who was released in 2001 when his conviction was overturned, after 29 years of continuous
solitary confinement. King says today that "being in prison, in solitary was
terrible. It was a nightmare. My soul still cries from all that I witnessed and
endured. It does more than cry- it
Since his release, Robert H. King has worked tirelessly to
support the other two members of the Angola 3, Herman Wallace and Albert
Woodfox, who have been in solitary confinement since April 17, 1972. This
coming April 17, which marks the 40th anniversary of their solitary
confinement, King will be joined by Amnesty International and other supporters
at the Louisiana State Capitol in Baton Rouge to present Amnesty
International's petition to Governor Bobby Jindal demanding that Wallace and
Woodfox be immediately released from solitary confinement. Read more about
Amnesty International's Angola 3 campaign, here.
At the UC Hastings event, King will talk about the Amnesty
International petition demanding transfer from solitary and the broader
struggle to release Wallace and Woodfox from prison altogether. Interviewed in
a recent video by Amnesty International,
King says about Wallace and Woodfox: "All evidence shows that they were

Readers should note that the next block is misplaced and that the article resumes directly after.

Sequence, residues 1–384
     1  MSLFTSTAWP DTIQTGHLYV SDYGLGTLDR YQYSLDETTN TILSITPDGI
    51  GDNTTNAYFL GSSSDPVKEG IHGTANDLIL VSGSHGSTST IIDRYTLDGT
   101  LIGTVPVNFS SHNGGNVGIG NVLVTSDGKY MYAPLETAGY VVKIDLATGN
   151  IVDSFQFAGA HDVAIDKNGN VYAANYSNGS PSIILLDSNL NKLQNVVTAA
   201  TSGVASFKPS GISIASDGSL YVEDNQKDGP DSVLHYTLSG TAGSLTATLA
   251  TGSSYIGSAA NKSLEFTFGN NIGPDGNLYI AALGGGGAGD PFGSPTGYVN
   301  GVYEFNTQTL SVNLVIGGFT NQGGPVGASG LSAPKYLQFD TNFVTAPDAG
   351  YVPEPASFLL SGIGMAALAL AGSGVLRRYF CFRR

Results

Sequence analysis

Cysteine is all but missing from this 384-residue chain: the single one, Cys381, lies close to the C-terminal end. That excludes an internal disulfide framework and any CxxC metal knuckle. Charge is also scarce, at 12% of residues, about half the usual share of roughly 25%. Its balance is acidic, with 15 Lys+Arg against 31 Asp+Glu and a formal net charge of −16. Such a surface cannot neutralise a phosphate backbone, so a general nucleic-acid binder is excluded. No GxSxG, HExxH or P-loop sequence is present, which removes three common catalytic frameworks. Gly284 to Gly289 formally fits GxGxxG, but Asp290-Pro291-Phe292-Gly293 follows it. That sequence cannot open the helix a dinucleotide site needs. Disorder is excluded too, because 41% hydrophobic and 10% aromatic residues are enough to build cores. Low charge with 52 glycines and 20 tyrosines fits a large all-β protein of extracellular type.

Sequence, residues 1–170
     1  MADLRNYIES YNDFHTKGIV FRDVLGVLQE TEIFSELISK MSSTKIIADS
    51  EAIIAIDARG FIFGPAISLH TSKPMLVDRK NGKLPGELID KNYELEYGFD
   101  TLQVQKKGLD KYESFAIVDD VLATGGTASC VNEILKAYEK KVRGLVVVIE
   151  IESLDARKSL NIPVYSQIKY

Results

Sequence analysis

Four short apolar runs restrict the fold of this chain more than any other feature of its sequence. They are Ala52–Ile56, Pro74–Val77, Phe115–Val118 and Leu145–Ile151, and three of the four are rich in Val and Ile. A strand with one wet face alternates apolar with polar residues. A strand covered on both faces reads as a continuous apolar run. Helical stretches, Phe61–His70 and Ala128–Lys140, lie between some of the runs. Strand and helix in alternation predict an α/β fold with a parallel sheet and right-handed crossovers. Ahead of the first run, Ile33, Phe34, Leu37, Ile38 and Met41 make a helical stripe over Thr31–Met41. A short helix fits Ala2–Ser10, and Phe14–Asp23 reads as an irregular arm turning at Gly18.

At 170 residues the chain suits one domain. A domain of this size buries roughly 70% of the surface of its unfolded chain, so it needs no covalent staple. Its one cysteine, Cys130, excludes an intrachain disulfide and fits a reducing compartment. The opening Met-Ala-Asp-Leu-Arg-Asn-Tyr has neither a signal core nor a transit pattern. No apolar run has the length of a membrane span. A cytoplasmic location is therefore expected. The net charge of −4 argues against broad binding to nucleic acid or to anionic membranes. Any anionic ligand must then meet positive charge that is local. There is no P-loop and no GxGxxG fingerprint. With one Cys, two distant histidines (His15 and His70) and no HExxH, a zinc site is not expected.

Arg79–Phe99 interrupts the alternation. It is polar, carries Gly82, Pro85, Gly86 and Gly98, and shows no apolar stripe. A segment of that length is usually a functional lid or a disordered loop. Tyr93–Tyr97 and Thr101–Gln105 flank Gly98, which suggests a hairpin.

targeted simply for being members of the Black Panther Party. There is really
no evidence, forensic, physical, or otherwise, linking them to the crime. When
I think about the ten years in which I've had time to be out here, that is ten
more years that they are there."
In their investigative report,
Amnesty International similarly concluded that "no physical evidence links Woodfox
and Wallace to the murder." Even further: "potentially favorable DNA evidence
was lost. The convictions were based on questionable inmate testimony"it seems
prison officials bribed the main eyewitness into giving statements against the
men. Even the widow of the prison guard
has expressed skepticism, saying in 2008, "If they did not do this -- and I
believe that they didn't -- they have been living a nightmare for 36 years!'"
(Photo of the Angola 3. From left to right: Herman Wallace, Robert H. King, and Albert Woodfox.)
Additional speakers will include:
-Hans Bennett, Independent journalist and co-founder
of Journalists for Mumia
-Terry Kupers, Institute Professor at The Wright
Institute in Berkeley, California
-Manuel La Fontaine, Northern California Regional
Organizer for All of Us or None